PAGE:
Bandon Dunes is Back in the News!
With 13 upcoming USGA championships and more new courses, Mike Keiser can’t stop growing his resort and the game
By Matt Ginella
I often think about the time Mike Keiser told me Bandon Dunes would go to the USGA in his will. It was around 2007. Keiser thought his sons were too young to run Bandon, and in his mind, who better to shepherd this civic trust than the stewards of the game at the USGA? He said something like: “It would make for a great West Coast office.”
A lot has happened since then. Not only are there more courses at Bandon, but Keiser also added Cabot Links and Cabot Cliffs in Nova Scotia. He gave his sons, Chris and Michael—who learned every aspect of the business by working at Bandon and Barnbougle in Tasmania—their own development at Sand Valley in Nekoosa, Wisc., and its success proved they we were ready to take the baton of the family business. Keiser also has put money into Cabot Saint Lucia, where Bill Coore and Ben Crenshaw are building something new for Ben Cowan-Dewar, the co-developer at Cabot. And there are more possibilities in Florida, Colorado, California and Canada.
But let’s cut to June of 2020 at Bandon Dunes. In a mask and at a safe distance, I attended the opening of the Sheep Ranch, the fifth 18-hole course at the resort. With all of the changes through the years, the remote caddie-only destination has never changed its focus: great value and a memorable experience that guarantees a return customer. Golf as it was meant to be.
“I don’t see there being any more courses at Bandon Dunes,” Keiser told me prior to the Sheep Ranch opening.
Two months later, Bandon hosted the U.S. Amateur, and not unlike Arnold Palmer at the dawn of the TV age in the 1960s, there was a serendipitous synchronicity of a captive audience and a star who over-delivered. The wide shots of the coastline, the tight shots of tighter lies, whitewater, wispy grass, wind-blown bunkering, the ball rolling this way and that … the world was fascinated by the Oregon optics. And according to Bandon management, the phones haven’t stopped ringing.
“The U.S. Amateur or the Walker Cup were always the Holy Grails,” says Josh Lesnik, president of Kemper Sports, which manages Bandon Dunes. Lesnik was the first general manager of the resort, when he was in his late 20s; he was literally in on the sand floor. “But to be honest, we never really thought about hosting anything like that until [USGA fixture] Mike Davis took a look and liked it,” says Lesnik. “That’s a big part of this. Mike Davis came out early, and the fact that he liked what he saw, that pushed it over the top for the USGA.”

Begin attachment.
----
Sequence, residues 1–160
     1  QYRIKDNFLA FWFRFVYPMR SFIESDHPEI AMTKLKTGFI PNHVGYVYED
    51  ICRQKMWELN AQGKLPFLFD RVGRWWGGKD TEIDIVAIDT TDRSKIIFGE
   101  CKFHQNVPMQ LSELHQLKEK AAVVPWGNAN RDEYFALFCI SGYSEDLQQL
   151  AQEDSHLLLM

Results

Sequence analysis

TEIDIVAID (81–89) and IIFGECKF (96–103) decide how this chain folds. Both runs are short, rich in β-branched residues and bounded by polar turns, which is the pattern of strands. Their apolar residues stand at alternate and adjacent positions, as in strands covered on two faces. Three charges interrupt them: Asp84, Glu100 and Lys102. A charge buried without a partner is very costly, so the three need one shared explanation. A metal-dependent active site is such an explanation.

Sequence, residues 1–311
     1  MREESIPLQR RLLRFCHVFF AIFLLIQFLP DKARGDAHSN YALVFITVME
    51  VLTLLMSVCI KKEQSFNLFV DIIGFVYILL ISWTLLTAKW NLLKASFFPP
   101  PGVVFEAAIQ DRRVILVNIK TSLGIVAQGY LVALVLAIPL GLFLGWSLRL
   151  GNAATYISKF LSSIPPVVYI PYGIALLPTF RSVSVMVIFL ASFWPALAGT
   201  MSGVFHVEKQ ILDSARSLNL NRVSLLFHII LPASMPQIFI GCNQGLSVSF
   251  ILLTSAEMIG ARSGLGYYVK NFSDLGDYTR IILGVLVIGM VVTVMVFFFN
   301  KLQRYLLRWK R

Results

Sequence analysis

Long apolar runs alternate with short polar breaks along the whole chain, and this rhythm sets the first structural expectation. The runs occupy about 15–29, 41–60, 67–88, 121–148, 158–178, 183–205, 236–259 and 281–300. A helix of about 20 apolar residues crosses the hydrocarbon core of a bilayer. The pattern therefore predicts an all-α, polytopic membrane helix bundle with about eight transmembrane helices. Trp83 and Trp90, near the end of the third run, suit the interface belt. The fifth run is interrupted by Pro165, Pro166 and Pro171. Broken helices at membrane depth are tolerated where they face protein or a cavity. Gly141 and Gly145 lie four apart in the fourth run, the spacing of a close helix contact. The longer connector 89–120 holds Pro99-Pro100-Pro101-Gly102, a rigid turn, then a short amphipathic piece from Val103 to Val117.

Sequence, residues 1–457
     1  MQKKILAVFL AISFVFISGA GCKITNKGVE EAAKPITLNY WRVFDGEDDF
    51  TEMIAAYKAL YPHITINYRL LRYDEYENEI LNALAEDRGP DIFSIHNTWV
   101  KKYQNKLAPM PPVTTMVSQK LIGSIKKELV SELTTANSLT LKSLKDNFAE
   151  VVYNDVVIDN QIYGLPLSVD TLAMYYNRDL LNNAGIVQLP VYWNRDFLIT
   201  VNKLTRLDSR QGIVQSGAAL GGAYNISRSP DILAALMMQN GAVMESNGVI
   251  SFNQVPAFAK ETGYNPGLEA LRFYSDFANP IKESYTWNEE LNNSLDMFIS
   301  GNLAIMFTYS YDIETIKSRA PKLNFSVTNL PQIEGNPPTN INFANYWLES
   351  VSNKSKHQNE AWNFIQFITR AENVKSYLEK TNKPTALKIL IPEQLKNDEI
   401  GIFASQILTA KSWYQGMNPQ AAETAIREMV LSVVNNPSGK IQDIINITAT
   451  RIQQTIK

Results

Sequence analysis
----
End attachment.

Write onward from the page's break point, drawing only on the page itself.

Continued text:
Now here it is, July of 2021, a quarter-century into the development of Bandon, and news just broke that not only is Keiser looking to develop a sixth 18-hole course, but also that the USGA will be bringing 13 amateur championships to the site across the next 24 years, including the Walker Cup, two more U.S. Amateurs, three Women’s Amateurs, a Curtis Cup and four U.S. Juniors split evenly between the boys and girls.
“I never dreamed Bandon Dunes would be as popular as it is,” Keiser said by phone on Tuesday evening, just before sitting down to dinner with one of his granddaughters. “That popularity enables us to have these tournaments.”
Keiser credits Lesnik with wooing Davis and Davis for believing “championships on linksland are where they belong.”
Pinehurst doesn’t sit along a coastline but the sand-based venue plays like it is, and the USGA likes the place so much it recently declared No. 2 the anchor to a rotation of U.S. Open venues, just as the Old Course defines the Open rota. Now Bandon will be the home of the elite amateur game in the same way.
And the resort continues to evolve: Next week 24 new rooms will open, with 48 more under construction. One insider told me some of the new lodging will line the ridge along the fourth fairway of Old Mac, which is also going to get a clubhouse (with a steakhouse) overlooking the 18th green. Not far from there will be another Punchbowl putting course, because you can’t have enough of those. Keiser has also committed to building the short course Tom Doak laid out several years ago, because you can’t have enough of those either. (I remember seeing a flag in the sand to the right side of the second tee of Bandon Trails, among some of the wooliest dunes on the property.) But if the sixth big course gets approval—and that’s a big if—Keiser says at least 72 more rooms will be added. No wonder he’s expanding his employee subdivisions, which ensures his staff and caddies have affordable housing.
For all of the new developments coming out of Bandon, it’s the possibility of the sixth course that set the golf world on fire when the news was first reported by Joel Beall of Golf Digest on Tuesday. Keiser confirmed to me the Sheep Ranch has been such a success he unearthed the idea of utilizing the land he owns seven miles south of the resort. This was long slated to be the “Bandon Muni”: 27 holes by Gil Hanse in which locals would get dirt-cheap green fees while everyone else would pay resort rates. At Bandon Muni, Keiser had plans for a junior caddie academy and other ideas with a philanthropic slant. To make it work, he believed he needed a parcel of land owned by the Oregon Parks and Recreation Commission. After years of negotiations, the deal fell through. So Keiser and Phil Friedman, his college buddy and former business partner, built a fifth course to the north.